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How We Evolve
Why are so many of us obsessed by stories of love lost and regained? Such stories make up the best-selling genre in publishing and are among the most beloved and highest grossing films worldwide. What is the secret underlying the powerful drive that generates and demands these stories? 

            Joseph Campbell's revelation of the hero monomyth, The Hero with 1000 Faces, is a classic bestseller across the categories of religion, spirituality, mythology and psychoanalysis.  Its influence and value for students and lovers of story is incalculable. I have discovered a parallel monomyth, and in The Lovers' Journey I lay out this Romance Archetype and unlock its secret code. It is the Archetype of transformation, individuation and evolution. 


       The Romance monomyth consists in Four Characters -- the Hero, the Heroine, the Saboteur and the Nurturer – 

and Five Acts, as follows:


1) The Primordial Union, in which the Lovers are established as belonging together. 

2) The Separation, in which the Saboteur distracts the Hero and abducts the Heroine.

3) The Intervention, in which the Nurturer clarifies the situation and proffers a Magic Implement having special power. 

4) The Battle, in which the Hero tries to overcome the Saboteur by force, thereby strengthening the antagonist.  One or both of the Lovers remember to use the Magic Implement, which catalyzes the Saboteur.

5) The Reunion, in which the power of the Saboteur is neutralized and the Lovers reunite in the spirit of the Nurturer.

       In The Lovers' Journey, I lay out this monomyth and show how such stories of lovers separated and reunited are present in every culture, how they tap into our deep subconscious, into the very roots of our being, and why we revisit them over and over in our instinctive search for wholeness and fulfillment. 

       I wrote my undergraduate dissertation at Yale on the psychological significance of Campbell's Hero Monomyth, and continued my studies of comparative religion, philosophy, and psychology at Harvard and King's College, Cambridge. I then researched myth and ritual performance in India and Bali over many years. On the basis of my research, I developed a practical method for using both the Hero and the Romance Monomyths to guide individuals to generate their own personal myth through psychodrama and then to analyze the characters and plots as a powerful form of therapy and self-development. Through ORIGINS I have presented workshops based on the meaning of these archetypal forms and created original performance works in theater, dance and opera that have been produced around the world.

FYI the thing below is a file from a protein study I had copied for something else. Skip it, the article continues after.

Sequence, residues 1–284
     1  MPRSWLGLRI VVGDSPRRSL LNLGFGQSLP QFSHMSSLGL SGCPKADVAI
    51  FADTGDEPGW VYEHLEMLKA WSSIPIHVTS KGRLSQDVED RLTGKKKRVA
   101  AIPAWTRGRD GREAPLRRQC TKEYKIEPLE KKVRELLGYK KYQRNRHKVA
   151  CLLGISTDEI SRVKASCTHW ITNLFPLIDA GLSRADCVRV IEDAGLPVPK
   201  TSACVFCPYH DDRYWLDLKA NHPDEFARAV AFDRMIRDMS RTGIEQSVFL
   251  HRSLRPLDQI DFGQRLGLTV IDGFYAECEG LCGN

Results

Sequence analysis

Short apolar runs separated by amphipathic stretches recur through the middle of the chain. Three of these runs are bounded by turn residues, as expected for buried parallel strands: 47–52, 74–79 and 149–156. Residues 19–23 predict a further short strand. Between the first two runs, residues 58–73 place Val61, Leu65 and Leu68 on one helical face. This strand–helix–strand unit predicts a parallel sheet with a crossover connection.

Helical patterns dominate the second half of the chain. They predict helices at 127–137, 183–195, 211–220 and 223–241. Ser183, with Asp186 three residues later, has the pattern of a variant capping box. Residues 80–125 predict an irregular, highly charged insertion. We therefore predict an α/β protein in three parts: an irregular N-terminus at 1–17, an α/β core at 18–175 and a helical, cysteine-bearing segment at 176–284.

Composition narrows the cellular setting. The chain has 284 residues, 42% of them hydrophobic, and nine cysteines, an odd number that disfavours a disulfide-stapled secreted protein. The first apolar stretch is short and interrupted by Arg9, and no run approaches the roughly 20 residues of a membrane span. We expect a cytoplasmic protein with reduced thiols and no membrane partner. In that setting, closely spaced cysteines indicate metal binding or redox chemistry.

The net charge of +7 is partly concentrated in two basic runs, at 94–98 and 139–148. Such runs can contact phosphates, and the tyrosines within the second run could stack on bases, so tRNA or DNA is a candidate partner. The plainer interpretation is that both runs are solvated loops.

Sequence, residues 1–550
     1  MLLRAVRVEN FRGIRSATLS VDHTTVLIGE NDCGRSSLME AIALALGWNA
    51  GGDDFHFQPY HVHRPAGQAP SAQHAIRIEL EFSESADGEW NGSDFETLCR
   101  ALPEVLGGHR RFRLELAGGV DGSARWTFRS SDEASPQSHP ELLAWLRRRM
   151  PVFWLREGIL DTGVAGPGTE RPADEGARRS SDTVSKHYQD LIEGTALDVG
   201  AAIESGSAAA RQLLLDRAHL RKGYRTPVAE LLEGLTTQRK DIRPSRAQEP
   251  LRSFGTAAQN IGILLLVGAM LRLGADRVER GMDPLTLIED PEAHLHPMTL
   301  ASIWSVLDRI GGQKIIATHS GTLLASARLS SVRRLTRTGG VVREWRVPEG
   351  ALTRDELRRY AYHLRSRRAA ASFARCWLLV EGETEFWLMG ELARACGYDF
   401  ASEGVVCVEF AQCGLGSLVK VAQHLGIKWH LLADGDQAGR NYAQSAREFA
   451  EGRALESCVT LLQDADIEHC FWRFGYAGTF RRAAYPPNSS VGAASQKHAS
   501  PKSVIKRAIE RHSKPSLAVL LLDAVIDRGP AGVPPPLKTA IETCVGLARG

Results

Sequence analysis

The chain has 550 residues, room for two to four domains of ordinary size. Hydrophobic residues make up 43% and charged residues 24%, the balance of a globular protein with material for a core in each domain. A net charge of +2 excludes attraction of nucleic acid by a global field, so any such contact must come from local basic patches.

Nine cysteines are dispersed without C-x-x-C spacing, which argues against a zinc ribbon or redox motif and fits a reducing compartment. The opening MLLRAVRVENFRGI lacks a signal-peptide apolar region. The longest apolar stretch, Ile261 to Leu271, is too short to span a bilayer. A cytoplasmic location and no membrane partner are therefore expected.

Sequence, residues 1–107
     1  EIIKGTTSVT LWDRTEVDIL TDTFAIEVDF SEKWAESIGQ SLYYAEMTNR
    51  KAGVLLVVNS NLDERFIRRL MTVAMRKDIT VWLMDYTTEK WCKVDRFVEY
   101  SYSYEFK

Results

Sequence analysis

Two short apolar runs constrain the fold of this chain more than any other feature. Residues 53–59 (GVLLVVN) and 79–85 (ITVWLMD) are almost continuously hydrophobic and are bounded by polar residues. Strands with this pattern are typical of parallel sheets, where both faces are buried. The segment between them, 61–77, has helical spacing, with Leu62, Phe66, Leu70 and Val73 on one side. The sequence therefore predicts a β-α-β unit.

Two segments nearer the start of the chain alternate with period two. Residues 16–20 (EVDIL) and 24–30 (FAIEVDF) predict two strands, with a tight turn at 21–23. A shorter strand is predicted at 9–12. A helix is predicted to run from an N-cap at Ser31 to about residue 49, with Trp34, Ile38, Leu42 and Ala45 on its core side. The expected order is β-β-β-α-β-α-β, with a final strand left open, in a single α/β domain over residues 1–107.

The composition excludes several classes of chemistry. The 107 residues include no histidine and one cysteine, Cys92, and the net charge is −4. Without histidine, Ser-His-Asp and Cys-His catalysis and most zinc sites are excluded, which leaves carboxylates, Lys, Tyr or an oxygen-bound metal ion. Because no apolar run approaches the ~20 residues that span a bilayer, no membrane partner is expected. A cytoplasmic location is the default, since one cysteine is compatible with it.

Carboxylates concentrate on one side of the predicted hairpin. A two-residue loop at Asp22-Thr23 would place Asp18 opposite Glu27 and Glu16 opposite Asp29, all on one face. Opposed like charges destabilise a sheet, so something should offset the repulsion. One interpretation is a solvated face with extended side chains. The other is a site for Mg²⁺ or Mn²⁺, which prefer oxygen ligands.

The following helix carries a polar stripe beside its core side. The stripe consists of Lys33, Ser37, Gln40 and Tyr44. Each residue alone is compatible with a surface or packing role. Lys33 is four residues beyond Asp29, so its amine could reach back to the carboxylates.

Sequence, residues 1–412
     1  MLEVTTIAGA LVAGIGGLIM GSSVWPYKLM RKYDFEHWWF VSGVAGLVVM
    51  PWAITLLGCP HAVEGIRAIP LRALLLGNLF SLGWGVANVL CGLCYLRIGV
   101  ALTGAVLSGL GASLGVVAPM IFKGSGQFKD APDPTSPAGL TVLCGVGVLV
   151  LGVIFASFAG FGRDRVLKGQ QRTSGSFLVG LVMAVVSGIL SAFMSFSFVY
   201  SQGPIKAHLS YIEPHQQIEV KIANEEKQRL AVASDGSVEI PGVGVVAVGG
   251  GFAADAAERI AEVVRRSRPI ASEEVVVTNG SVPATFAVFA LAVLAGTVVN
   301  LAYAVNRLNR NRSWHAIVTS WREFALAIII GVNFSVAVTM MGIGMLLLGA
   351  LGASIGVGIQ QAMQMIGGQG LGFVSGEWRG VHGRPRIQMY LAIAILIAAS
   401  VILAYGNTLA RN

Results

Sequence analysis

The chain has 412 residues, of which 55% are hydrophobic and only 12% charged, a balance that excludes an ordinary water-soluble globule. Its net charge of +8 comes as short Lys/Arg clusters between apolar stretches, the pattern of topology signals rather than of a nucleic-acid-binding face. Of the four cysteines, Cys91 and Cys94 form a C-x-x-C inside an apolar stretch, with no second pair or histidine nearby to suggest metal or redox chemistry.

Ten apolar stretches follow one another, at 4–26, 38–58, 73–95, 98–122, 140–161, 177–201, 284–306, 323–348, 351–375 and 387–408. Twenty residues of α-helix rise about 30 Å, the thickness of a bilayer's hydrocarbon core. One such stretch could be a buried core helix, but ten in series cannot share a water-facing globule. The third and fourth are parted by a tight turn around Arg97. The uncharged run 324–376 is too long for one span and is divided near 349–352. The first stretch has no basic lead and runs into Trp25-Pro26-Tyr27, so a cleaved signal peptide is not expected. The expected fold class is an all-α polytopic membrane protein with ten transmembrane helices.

The Lovers' Journey parallels Campbell’s classic, and I show both its universal meaning and its practical application. The dominant theme of the book is the integration of masculine and feminine elements as they cross the contending forces of evolution and devolution. Between each chapter there is a summary of one well-known romance, demonstrating the underlying monomyth.  These Romances include stories from every epoch and source, from the Ramayana to Cinderella, to Pride and Prejudice, to the first Sex and the City movie.  Like a steady drum beat, these summaries build the case for the universal form, and provide an entertaining and powerful fund of illustrations and examples to enhance the theoretical progression of the book.  

       In this Introduction to the Romance Archetype I describe my quest to understand the Ultimate Romance and its mysterious power.  I explain the universal form as a plus sign, with the dynamic between the lovers crossing the dynamic between the forces towards life and death.  Act 5, The Reunion of the lovers represents the completion of one complete cycle of transformation, one evolutionary step.

       The form of the the Lovers' Journey is intuitively and universally understood.  Its structure reveals a formula for transformation at all levels: psychological, anthropological and metaphysical.  

Three other books on the subject have been written and will appear in succession over the next years.

       In a second book, The Inner Romance, I present the meaning and value of the Archetype in terms of psychological individuation and spiritual transformation, using many illustrations and examples from my own experience and case studies from the ORIGINS Inner Romance workshops.  

       In a third book, The Great Romance, I use illustrations from the ORIGINS Projects to consider how collectives evolve, from couples, through groups and nations all the way up to world culture, expanding upon a claim made by my friend Jean Houston that the Romance Archetype is the seminal idea of the 21st century.

       In a fourth book, The Ultimate Romance, I use illustrations from the ORIGINS productions and further scientific and philosophical research to describe the greater context and meaning of the Archetype as a key to understanding what we are, where we come from, and where we are going.  This book will show how the Archetype is central both to Christianity, as found in the Fall and the generation of Christ, and to Hinduism as found in the Ramayana.

Video lecture on the Romance Archetype

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